It’s generally heavily integrated with an LDAP directory, HR system to handle joiners and leavers, and also change management (Developers can only ssh to a production host during the change window of a change for that bucket).
These home-grown apps are generally old and clunky (written for IE6, with piecemeal improvements since then, that kind of thing), but hard to replace because they’re integrated with so many other applications.
I tend to think that this would be a good opportunity for some (startup) to do a great job of this as an off-the-shelf product, with good integrations with Linux + Windows authentication, an API, nice web app, etc – it would be very easy to do better than the in-house systems filling this niche.
At my current workplace, most top-level subdirectories in the source tree have a primary author. That person is (nominally) “owner” of that code. If they aren’t the one making changes, they’re almost always at least the one doing the code review.
Bugs by default get routed to the person who wrote the code (presuming that we can tell which code the bug is in). If that person finds out the bug is somewhere else, the bug gets transferred to a new owner.
I work for a large global company, and my department is building a fairly large Angular application. My team “owns” the primary project and several shared component libraries, and other teams build features for this project.
These teams are from all over the world, and many of us have never worked closely before this project began.
When we first started the project, we decided to split the UI into feature projects which are packaged and referenced in the common project. Each team owns their own feature projects; however, everyone is welcome to contribute PRs to any of the projects.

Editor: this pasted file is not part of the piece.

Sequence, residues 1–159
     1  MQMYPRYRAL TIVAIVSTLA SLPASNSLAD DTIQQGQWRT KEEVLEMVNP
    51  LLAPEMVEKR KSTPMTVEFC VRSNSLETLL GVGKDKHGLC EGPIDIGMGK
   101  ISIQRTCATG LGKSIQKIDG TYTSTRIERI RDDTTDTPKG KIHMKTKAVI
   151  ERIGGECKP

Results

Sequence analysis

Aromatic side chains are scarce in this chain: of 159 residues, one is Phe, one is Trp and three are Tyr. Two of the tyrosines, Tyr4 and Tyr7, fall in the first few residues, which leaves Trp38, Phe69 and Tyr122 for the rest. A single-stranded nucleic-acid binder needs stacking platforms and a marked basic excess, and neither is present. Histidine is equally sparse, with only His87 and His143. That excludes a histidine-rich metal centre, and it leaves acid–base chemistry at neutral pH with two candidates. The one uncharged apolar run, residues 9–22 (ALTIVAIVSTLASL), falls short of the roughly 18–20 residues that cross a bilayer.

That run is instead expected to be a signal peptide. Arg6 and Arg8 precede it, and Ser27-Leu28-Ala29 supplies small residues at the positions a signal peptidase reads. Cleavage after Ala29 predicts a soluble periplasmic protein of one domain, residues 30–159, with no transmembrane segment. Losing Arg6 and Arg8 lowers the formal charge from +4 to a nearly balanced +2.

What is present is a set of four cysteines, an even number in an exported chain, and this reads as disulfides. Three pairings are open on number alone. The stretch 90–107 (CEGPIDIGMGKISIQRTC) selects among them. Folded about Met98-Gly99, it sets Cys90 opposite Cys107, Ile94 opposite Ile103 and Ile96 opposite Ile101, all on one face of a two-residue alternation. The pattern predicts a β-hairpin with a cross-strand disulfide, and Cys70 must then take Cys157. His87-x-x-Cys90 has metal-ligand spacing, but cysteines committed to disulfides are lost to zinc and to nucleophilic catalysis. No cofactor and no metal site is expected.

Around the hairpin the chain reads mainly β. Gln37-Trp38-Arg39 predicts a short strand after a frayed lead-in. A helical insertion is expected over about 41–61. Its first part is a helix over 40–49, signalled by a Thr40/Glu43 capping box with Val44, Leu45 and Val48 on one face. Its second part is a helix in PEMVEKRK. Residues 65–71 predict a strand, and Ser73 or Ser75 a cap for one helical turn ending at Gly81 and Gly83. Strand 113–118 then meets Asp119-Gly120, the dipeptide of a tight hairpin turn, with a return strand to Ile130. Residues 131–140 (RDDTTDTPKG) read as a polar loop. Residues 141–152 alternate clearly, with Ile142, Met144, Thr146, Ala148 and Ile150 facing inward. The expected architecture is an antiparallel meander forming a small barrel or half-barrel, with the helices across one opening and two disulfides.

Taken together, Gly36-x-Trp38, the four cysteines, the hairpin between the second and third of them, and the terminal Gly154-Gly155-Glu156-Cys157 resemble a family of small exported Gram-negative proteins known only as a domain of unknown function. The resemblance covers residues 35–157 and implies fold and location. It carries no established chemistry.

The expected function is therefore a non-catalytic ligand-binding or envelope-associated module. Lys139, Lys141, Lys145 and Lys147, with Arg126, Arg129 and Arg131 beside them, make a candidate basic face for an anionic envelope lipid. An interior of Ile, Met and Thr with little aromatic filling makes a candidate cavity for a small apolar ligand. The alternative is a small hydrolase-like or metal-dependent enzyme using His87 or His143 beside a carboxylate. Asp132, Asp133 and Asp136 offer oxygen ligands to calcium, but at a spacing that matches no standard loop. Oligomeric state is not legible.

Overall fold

Some of our projects are shared and maintained by many teams, but we always have one team that owns each project.
Ideally you want to restrict changes to the owners (I don’t mean hard limits) So instead of having a team responsible for a part of code, they are responsible for the product. So if a new integration is needed, the owner is a service provider and should provide the interface or service for their client. That is fairly easy to setup with Microservices. However, that is a bit harder in a monolithic application code base.
In my workplace, we use the above model for almost everything. And there is one old code base where we use Github code ownership feature to force everyone to ask for a code review from owners. But even there, it doesn’t happen very often that people from different domain need to touch a code of another domain.
And that is the second point as well. Dividing responsibilities base on domains instead of components/modules between teams make it easier as most of the time they are not going to touch a code outside their own domain.
Everyone “owns” the code. Then there’s the guy you go to when it fails.
Helps to document things, so you at least have something to throw at people when they come asking.
Overall, collective ownership seems to be the dominant form of code ownership. The line between weak ownership and collective ownership begins to blur a bit when a code base is split into features where ownership is temporary. Even then, a subset of teams claim a collective ownership over a feature. The size of a company also seams to effect the type of ownership used. For example, a company that gives complete ownership of debugging to someone who is on call can do so if they’re company has 20 or fewer engineers. Once the number of engineers balloon in hundreds, then a collective ownership is needed to maintain productivity.